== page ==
News / Middle East

Three Years Later, Democracy Remains Elusive in Tunisia

A Tunisian boy waves a flag as he runs during a rally to mark the third anniversary of the Tunisian revolution, in Tunis, Tunisia, Dec. 17, 2013.
A Tunisian boy waves a flag as he runs during a rally to mark the third anniversary of the Tunisian revolution, in Tunis, Tunisia, Dec. 17, 2013.
Lisa Bryant
The North African country of Tunisia marks today, Tuesday, the third anniversary of the start of a revolution that triggered the wider Arab Spring uprisings. Still, the democratic transition remains incomplete, and many Tunisians are dissatisfied with the results: insecurity, a struggling economy and political gridlock. There also are positive signs, though, as wrangling parties agree on a new prime minister.

Not so long ago, Sidi Bouzid was just another nondescript Tunisian town surrounded by olive and orange groves. That changed on December 17, 2010, when vegetable vender Mohamed Bouazizi set himself on fire there as an act of protest. Today, Sidi Bouzid symbolizes the largely frustrated hopes of many Tunisians - and political activists across much of the Arab world.

Tunisia's January 2011 revolution ousted the country's longtime dictator Zine El Abidine Ben Ali, who is now in exile. But it has failed to produce a stable democracy.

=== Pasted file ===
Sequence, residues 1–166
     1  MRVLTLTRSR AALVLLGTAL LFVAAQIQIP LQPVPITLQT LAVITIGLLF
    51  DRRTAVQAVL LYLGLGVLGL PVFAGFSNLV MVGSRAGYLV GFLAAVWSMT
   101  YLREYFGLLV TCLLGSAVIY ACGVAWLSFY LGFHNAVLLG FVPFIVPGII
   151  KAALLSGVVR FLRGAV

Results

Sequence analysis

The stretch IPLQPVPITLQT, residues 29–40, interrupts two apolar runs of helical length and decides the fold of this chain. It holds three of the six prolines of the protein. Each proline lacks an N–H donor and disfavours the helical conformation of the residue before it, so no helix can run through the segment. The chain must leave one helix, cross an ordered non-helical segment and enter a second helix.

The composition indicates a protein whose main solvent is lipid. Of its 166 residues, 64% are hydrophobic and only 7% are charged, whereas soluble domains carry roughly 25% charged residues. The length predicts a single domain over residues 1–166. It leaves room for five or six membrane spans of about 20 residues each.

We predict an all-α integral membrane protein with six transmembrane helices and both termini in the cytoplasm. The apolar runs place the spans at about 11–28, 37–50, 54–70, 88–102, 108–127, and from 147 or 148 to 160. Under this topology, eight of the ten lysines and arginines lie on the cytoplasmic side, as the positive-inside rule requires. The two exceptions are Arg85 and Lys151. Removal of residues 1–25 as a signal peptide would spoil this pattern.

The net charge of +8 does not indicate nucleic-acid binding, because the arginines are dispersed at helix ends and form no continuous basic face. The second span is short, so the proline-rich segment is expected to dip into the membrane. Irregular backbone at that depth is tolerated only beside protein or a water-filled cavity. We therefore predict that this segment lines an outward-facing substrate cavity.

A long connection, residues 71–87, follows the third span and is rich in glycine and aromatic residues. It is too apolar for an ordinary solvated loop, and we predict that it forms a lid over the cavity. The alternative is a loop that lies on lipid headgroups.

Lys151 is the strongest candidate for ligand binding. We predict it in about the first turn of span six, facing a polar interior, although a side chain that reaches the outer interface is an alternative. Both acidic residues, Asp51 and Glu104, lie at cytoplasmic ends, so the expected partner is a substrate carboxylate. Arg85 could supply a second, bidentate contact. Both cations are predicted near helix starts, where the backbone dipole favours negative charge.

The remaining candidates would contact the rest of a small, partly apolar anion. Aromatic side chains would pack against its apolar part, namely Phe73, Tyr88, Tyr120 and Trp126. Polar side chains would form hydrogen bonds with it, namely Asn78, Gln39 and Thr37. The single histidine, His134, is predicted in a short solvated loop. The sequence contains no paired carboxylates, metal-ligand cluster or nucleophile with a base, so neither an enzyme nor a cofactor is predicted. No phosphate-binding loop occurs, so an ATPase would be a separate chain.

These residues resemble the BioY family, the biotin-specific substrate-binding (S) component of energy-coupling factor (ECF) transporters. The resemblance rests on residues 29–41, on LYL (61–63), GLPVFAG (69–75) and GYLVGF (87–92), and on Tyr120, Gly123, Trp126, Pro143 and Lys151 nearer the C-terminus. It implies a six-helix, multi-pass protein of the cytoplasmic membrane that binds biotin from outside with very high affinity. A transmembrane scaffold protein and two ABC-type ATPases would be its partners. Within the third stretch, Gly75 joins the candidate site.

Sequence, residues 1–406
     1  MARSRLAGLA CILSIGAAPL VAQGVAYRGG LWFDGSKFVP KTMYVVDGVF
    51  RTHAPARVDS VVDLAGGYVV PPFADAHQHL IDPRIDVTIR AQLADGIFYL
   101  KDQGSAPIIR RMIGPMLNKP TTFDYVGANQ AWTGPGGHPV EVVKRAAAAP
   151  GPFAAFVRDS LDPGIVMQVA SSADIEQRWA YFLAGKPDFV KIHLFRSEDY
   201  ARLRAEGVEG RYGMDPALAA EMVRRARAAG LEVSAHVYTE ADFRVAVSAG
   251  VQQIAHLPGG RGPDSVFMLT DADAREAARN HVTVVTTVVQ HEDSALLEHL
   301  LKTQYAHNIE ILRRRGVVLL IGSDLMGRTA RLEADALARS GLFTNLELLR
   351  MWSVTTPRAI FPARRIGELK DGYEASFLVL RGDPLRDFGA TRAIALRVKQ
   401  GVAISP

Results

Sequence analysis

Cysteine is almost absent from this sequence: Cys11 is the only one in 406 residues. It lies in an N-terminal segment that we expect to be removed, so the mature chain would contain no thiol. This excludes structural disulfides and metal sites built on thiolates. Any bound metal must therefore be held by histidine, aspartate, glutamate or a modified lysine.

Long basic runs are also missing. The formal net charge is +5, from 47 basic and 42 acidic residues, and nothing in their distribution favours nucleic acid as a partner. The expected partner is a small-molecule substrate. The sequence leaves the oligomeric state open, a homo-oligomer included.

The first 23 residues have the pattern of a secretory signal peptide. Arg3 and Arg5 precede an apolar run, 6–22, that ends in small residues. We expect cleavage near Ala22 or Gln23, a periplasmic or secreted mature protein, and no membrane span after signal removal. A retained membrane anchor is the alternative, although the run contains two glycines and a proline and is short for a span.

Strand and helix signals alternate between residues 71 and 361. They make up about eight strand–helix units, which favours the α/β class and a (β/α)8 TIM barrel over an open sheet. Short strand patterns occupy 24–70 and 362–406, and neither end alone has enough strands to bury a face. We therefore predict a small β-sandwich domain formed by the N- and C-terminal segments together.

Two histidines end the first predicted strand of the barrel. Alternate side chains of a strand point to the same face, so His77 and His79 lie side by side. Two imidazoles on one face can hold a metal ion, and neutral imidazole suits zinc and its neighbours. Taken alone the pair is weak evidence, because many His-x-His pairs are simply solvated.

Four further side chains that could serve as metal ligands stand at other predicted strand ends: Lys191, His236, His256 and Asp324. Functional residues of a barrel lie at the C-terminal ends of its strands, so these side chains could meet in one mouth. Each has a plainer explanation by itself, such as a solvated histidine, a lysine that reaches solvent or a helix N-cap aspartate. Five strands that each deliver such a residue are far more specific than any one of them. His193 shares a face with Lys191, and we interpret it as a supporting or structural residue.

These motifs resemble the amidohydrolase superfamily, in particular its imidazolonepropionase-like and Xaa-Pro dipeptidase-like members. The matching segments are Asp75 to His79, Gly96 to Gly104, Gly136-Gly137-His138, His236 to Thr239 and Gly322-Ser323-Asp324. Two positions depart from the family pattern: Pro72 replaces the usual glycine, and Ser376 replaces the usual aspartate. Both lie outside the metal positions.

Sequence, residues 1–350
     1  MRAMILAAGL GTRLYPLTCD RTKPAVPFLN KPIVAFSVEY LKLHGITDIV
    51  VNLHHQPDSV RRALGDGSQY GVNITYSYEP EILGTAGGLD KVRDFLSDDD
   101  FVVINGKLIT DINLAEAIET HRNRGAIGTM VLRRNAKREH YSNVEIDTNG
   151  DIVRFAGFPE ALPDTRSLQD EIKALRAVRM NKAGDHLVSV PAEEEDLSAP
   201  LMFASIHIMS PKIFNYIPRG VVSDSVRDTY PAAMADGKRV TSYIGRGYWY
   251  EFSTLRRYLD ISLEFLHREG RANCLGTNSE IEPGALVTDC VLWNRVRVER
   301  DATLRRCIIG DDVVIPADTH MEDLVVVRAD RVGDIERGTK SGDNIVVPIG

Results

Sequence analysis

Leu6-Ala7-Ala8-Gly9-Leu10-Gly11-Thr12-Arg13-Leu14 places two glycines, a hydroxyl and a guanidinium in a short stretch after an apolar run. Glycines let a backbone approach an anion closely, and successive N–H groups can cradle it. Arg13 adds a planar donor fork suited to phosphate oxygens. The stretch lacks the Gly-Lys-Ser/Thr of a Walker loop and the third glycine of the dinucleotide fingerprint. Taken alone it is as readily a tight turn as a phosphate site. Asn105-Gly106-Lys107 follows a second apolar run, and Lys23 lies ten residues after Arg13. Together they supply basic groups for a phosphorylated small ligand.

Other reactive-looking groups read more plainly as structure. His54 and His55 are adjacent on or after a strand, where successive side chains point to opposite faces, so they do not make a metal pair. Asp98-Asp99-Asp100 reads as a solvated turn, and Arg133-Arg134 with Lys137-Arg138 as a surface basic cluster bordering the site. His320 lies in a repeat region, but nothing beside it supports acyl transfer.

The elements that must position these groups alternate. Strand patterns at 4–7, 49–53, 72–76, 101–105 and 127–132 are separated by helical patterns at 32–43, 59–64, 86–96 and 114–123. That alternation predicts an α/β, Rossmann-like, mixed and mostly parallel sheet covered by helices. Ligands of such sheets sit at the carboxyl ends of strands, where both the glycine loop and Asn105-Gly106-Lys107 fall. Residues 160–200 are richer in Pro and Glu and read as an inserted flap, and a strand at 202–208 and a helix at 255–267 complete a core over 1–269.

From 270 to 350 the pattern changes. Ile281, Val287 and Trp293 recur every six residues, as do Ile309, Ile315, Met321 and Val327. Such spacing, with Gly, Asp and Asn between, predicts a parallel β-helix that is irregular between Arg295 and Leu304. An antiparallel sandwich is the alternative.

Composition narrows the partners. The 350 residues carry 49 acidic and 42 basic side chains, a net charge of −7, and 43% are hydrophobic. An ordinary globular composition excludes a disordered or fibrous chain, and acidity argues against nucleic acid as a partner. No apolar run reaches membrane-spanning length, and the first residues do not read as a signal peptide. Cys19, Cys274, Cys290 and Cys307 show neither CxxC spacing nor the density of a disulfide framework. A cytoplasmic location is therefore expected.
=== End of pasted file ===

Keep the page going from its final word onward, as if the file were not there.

Bickering political parties still haven't completed a new constitution, much less organized new elections. This year, two secular politicians have been assassinated, rappers have been jailed, and the morbid economy has prompted an exodus to Europe.

Hopeful accomplishments

The snapshot of Tunisia, however, is not uniformly bleak. Human Rights Watch's Tunis director Amna Guellali said the country today is full of contrasts and paradoxes.

"On the one hand you have some achievements since the revolution. Tunisians have gained much more public freedom, in terms of freedom of speech, freedom to demonstrate, freedom to express their opinions," said Guellali. "They have also initiated a democratic process, which is hailed internationally as inclusive, bringing together parties from across the political spectrum."

On Saturday - and after months of statement and popular protests - Tunisia's Islamist-dominated government and opposition parties agreed on Industry Minister Mehdi Jomaa to become the country's new prime minister. Jomaa has little political experience, but some see that as a plus, calling him a hope for the country.